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Blue Eco Farm : Panoramic view to Katam aka Baramar lake group of Ounianga kebir lakes

Spirulina, a seaweed ?

The spirulina is a microscopic, spiral blue-green alga about 100 µm long; its scientific name is Arthrospira Platensis.

 

Belonging to the Cyanobacteria family - a big group of living things that appeared 3.4 billion years ago at the origin of the atmosphere on earth – this blue-green alga was the first living matter able to undergo photosynthesis and provide an evolutionary bridge between bacteria and green plants.

 

In nature, one finds spirulina in alkaline, brackish mineral-rich waters in hot climates. In general, one is likely to find spirulina in places where one finds flamingos. 

Spirulina-Benefits
flamants roses

A rediscovered ancestral food 

Spirulina has nourished the Aztecs and the Mayas in America for centuries. In these memoirs, the Spanish conquistador Cortes (16th century) mentioned American Indians consuming spirulina. 

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 In Chad, Africa, people from the Kanem Empire traditionally consumed spirulina. A Belgium psychologist in the 1940s, Pierre Dongeard, mentioned a green cake called “dihe,” made and eaten by the tribe living around Chad Lake, where spirulina was abundant. Max-Yves & Monique Brandily filmed the first documentary on spirulina there. 

 

In the 60s, the Belgian biologist Jean Leonard explored the Sahara in Africa and gave spirulina samples to Pierre Compere, who later discovered the Platensis species and began to study the nutritional values of spirulina. Both Leonard and Compere were surprised to see that the people around the lake enjoyed much better health than those in the rest of the Sahel region, where populations suffered from malnutrition. The spirulina venture had begun.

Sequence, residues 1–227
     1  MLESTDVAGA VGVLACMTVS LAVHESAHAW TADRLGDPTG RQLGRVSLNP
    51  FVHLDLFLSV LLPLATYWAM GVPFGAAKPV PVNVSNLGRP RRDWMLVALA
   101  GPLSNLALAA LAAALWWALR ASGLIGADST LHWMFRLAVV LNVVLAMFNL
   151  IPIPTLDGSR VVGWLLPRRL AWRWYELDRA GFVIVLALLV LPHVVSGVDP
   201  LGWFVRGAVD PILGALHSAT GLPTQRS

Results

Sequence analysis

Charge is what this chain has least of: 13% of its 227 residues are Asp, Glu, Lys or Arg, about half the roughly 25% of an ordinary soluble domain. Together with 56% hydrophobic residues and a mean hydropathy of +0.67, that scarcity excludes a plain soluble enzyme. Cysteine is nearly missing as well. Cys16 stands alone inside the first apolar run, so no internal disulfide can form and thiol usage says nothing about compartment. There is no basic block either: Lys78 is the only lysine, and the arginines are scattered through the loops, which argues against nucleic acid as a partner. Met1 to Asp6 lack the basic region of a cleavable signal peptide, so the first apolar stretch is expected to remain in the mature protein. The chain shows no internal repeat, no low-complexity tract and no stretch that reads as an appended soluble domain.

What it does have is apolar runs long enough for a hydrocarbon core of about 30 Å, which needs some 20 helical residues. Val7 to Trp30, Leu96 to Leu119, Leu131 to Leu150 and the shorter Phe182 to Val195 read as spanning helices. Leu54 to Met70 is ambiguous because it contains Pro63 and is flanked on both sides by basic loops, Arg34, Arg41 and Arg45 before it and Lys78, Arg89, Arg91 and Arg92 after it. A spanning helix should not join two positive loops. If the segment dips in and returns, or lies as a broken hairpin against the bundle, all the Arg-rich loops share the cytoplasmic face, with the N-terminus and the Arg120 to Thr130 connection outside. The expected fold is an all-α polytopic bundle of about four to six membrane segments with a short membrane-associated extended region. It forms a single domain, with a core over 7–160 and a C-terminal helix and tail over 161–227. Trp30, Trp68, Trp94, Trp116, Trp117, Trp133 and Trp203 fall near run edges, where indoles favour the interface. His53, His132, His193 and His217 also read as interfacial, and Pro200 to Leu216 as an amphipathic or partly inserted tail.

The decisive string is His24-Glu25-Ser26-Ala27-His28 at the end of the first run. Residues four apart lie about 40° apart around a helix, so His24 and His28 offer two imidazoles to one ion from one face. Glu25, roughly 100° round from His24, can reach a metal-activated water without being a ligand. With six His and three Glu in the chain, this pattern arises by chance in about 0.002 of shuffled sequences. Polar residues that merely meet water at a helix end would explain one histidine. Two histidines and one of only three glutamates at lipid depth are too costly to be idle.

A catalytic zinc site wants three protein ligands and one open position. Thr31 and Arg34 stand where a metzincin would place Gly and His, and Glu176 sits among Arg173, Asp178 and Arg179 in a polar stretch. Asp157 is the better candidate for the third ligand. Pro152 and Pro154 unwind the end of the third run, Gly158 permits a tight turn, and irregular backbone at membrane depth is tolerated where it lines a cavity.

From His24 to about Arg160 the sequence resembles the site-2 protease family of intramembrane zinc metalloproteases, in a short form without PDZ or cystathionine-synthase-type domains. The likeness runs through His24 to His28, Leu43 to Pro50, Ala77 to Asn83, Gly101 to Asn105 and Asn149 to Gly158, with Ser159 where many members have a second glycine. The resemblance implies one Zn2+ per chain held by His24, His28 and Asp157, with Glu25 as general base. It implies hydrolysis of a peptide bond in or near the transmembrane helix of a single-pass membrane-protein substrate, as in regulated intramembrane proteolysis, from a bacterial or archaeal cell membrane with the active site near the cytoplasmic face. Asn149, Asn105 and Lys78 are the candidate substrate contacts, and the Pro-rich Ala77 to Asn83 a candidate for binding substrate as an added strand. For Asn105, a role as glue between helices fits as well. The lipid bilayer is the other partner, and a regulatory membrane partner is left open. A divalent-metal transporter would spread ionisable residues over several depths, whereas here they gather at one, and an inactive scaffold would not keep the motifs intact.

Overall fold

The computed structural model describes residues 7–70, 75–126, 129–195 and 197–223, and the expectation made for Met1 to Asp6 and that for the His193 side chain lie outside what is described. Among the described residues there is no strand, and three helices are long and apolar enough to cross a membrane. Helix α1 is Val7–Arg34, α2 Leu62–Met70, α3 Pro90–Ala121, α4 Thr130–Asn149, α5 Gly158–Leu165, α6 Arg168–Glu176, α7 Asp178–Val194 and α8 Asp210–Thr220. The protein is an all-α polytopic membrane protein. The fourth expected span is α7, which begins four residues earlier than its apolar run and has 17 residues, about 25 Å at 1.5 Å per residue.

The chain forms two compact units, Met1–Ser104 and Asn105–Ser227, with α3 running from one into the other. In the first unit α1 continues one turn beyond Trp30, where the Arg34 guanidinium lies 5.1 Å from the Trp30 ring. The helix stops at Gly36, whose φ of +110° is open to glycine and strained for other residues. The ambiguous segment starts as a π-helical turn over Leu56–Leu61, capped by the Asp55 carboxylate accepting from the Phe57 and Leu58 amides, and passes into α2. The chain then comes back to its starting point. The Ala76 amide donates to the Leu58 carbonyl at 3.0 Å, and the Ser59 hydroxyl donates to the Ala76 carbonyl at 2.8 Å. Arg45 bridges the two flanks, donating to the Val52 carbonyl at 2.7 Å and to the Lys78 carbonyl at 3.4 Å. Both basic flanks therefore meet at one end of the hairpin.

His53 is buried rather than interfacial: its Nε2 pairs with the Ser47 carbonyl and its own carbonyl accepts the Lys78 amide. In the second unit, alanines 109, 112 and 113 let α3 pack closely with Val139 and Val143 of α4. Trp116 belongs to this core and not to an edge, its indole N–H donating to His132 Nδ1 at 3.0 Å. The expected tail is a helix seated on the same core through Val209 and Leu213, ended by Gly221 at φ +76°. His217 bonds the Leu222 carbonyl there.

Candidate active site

Then, in the 70s, an American, Dr. Ripley Fox, devoted his whole life to researching the power of spirulina in fighting malnutrition. His work led to the development of the first spirulina farms worldwide. In 1974, the United Nations at the World Health Conference declared Spirulina "the best food for the future.” During the same period, the first industrial spirulina culture in the United States grew with Henri Durant-Chastel of Sosa Texcoco at the helm. Other spirulina pioneers Jacques Falquet (Antenna Foundation), Claude Villars, Jean-Paul Jourdan started several small spirulina farms in their humanitarian projects, thus pushing forward the development of spirulina all over the world. 

  

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The story does not end here. At a time when all countries are searching for food-sustainability solutions and wondering how to feed growing populations, spirulina can be part of the solution.  The culture of spirulina does not need a lot of water, so it is very environmentally friendly. 

 

More and more people facing pollution, stress, and the difficulty of getting fresh and good-quality foods are consuming spirulina to give them much-needed strength and vitality! Spirulina is, indeed, a true gift of nature! 

If you want to know more about Spirulina, some books to read are: 

La spiruline – Un super aliment : Dr Jean Dupire – Ed. Guy Trédaniel 2011, 2016 

Spirulina: Production & Potential. Front Cover. Ripley D. Fox. Edisud, 1996 

Spiruline l’algue bleue de santé et de prévention : Dr Jean-Louis Vidalo – Ed. Dauphin 2020 

Les incroyables vertus de la spiruline – Un aliment d’exception : G. Laval-Legrain et B. Legrain – Ed. Jouvence 2013, 2016 

Ancestral food
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